You hear them as soon as you get out of the car. It’s pup time at Piedras Blancas. More than 5,000 pups will be born in the rookery, which extends from beyond the light station in the north to about two miles south of the viewpoint.
Most pups are born at night, but you might be fortunate enough to be watching when one is born on the beach.
Each pup is accompanied by a mother, and mature males hover, awaiting the opportunity to mate. It’s one of the busiest months on the beach, and the most active.
Females are still arriving to give birth. Look for seals that are urgently tossing sand on their backs. It doesn’t have much to do with the process, but seals seem to do it when they are stressed.
Gulls scream and flap around new births, so follow them to the newborn. They consume the afterbirth, part of nature’s recycling. The beach would be disgusting without them cleaning it up.
Once born, the pups need to start nursing. The first pup was born on the south end of the beach Dec. 16, so that pup will be the first one weaned. Look for rotund, fat pups. Some will learn to steal milk from other mothers, ballooning up to even more than the usual 300 pounds. Those 500-pounders are superweaners.
Although mothers and pups bond to each other at birth, barking and sniffing at each other, it’s far from a perfect system. Eighty percent of pups nurse on at least one mother other than their own. Not every pup survives, and those bereaved mothers may adopt one or more strays. Some mothers are particular and chase pups other than their own away, but most are tolerant. Elephant seal mothers have never been observed to give birth to more than one pup at a time.
Nursing more than one pup puts the nursing couple in jeopardy. Mothers don’t eat while they are nursing. They produce the milk from their blubber, losing two pounds for every pound the pup gains. Stray pups are nursing from a limited source.
It appears to even out. Around 95 percent of pups at Piedras Blancas survive to be weaned. Younger mothers may gain experience by nursing more than one pup. Pups of experienced mothers are more likely to survive.
As pups are weaned, mothers come into estrus, heat, like dogs. They mate before they return to the ocean, thin and in need of food. They’ll spend three moths feeding before they return to the beach with some of their blubber reserves restored.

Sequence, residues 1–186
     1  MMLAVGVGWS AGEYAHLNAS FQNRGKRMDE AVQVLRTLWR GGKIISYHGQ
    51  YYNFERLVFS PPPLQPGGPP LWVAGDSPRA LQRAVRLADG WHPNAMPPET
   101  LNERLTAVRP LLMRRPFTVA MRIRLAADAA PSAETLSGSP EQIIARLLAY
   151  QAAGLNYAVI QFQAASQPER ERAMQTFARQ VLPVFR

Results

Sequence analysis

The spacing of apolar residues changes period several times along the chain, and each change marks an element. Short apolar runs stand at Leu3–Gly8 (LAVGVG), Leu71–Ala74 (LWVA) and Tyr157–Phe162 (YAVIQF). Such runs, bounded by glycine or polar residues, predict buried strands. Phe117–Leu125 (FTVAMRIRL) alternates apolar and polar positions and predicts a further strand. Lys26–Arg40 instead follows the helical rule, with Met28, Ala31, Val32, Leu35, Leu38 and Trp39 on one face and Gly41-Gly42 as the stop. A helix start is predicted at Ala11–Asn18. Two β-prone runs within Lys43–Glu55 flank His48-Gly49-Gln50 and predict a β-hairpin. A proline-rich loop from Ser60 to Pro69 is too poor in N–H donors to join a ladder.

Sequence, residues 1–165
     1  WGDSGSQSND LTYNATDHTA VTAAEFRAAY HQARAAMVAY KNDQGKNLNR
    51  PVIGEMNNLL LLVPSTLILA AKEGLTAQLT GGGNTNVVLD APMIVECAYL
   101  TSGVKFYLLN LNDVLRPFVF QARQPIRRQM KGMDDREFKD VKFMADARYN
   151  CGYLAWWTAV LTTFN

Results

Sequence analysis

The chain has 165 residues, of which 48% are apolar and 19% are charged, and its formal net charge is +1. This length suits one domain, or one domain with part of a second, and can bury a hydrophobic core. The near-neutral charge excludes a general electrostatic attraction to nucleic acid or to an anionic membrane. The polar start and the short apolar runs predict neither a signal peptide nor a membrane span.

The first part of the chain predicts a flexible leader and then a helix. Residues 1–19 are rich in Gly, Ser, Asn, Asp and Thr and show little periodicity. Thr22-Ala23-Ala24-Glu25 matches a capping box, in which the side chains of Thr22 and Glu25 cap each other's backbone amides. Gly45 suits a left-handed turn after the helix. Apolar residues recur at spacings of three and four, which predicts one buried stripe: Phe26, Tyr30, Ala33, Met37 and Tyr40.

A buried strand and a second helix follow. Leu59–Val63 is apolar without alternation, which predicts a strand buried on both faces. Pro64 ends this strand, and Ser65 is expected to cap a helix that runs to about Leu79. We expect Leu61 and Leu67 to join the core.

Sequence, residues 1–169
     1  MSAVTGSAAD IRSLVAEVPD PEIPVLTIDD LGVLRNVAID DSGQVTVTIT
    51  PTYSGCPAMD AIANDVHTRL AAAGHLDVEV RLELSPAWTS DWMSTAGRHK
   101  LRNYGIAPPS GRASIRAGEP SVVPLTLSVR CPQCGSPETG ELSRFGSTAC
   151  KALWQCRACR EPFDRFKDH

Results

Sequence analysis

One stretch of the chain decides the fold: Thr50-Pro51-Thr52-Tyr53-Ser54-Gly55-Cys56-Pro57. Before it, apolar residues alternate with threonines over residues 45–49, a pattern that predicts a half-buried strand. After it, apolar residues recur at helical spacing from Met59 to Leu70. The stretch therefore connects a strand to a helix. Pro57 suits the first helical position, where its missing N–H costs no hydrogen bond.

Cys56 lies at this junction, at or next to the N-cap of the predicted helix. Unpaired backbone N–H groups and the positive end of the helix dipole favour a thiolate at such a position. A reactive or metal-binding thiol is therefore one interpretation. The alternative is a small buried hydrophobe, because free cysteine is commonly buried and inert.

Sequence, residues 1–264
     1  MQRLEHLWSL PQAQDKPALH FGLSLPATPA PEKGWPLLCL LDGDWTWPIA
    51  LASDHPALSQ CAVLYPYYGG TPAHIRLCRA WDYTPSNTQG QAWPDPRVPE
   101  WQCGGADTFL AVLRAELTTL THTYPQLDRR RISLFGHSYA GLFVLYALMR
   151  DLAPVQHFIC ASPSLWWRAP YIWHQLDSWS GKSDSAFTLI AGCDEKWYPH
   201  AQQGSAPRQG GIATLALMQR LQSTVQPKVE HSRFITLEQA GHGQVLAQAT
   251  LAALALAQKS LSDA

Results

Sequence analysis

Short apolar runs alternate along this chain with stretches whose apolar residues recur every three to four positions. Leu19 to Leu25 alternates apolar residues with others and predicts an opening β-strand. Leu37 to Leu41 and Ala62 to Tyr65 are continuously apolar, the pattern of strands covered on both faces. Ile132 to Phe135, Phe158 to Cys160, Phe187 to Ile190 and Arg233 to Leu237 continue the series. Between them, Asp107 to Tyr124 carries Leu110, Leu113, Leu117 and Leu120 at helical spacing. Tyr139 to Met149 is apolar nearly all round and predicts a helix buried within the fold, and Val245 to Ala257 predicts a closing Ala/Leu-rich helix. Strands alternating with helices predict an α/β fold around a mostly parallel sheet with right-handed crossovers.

Estrus and mating spark battles between males. Most dominance interactions are simple: a challenge and a retreat. But with breeding rights at stake, males are willing to fight. They bump chests and rip at each other’s chest shield, the crinkled skin around the neck, with their teeth. Battles can be bloody. Dominant males take no notice of pups or mothers as they chase each other across the beach. Pups can be separated from their mothers, a serious problem and the single most common cause of pup death. Pups can even be killed as males land on top of them in their determination to be the most dominant, or to mate with the mother.
Watch as two bulls challenge each other, and their conflict ripples through the rest of the seals. With new females arriving, pups born, pups being weaned, mothers mating and departing, the scene is constantly changing.
For more detailed information about pup development, check my blog at http://elephantseals.blogspot.com/.
Christine Heinrichs’ column appears the fourth Thursday of each month and is special to The Cambrian.
Phil Adams, who wrote the book that is the basis for elephant seal docent training, will offer presentations about the seals from 10 to 10:45 a.m. Saturday mornings, Jan. 20 through March 10. Meet at the Coastal Discovery Center in San Simeon, across from the entrance to Hearst Castle Visitors Center, by the pier. After his presentation, drive up to see the seals in action.
Reservations are required, as space is limited. Call 805-927-2145 to reserve a space. Please leave your phone number.